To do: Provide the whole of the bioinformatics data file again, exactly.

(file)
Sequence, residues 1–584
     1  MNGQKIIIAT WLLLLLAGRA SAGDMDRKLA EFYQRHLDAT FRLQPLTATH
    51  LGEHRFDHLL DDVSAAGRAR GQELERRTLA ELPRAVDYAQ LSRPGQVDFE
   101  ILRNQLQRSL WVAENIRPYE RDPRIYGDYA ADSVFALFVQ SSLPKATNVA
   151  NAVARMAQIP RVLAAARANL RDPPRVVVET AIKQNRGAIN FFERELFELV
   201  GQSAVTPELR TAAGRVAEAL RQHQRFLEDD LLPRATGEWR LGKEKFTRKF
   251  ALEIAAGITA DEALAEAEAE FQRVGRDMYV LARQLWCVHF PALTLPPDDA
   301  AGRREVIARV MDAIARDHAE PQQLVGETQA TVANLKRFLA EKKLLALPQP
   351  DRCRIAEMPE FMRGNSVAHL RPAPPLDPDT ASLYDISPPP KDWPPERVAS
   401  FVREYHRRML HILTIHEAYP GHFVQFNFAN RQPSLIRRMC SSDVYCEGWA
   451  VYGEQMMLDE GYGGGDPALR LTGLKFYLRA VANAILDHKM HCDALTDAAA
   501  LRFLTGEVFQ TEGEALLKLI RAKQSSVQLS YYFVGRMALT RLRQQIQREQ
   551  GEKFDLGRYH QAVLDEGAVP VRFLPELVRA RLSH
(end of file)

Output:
Sequence, residues 1–584
     1  MNGQKIIIAT WLLLLLAGRA SAGDMDRKLA EFYQRHLDAT FRLQPLTATH
    51  LGEHRFDHLL DDVSAAGRAR GQELERRTLA ELPRAVDYAQ LSRPGQVDFE
   101  ILRNQLQRSL WVAENIRPYE RDPRIYGDYA ADSVFALFVQ SSLPKATNVA
   151  NAVARMAQIP RVLAAARANL RDPPRVVVET AIKQNRGAIN FFERELFELV
   201  GQSAVTPELR TAAGRVAEAL RQHQRFLEDD LLPRATGEWR LGKEKFTRKF
   251  ALEIAAGITA DEALAEAEAE FQRVGRDMYV LARQLWCVHF PALTLPPDDA
   301  AGRREVIARV MDAIARDHAE PQQLVGETQA TVANLKRFLA EKKLLALPQP
   351  DRCRIAEMPE FMRGNSVAHL RPAPPLDPDT ASLYDISPPP KDWPPERVAS
   401  FVREYHRRML HILTIHEAYP GHFVQFNFAN RQPSLIRRMC SSDVYCEGWA
   451  VYGEQMMLDE GYGGGDPALR LTGLKFYLRA VANAILDHKM HCDALTDAAA
   501  LRFLTGEVFQ TEGEALLKLI RAKQSSVQLS YYFVGRMALT RLRQQIQREQ
   551  GEKFDLGRYH QAVLDEGAVP VRFLPELVRA RLSH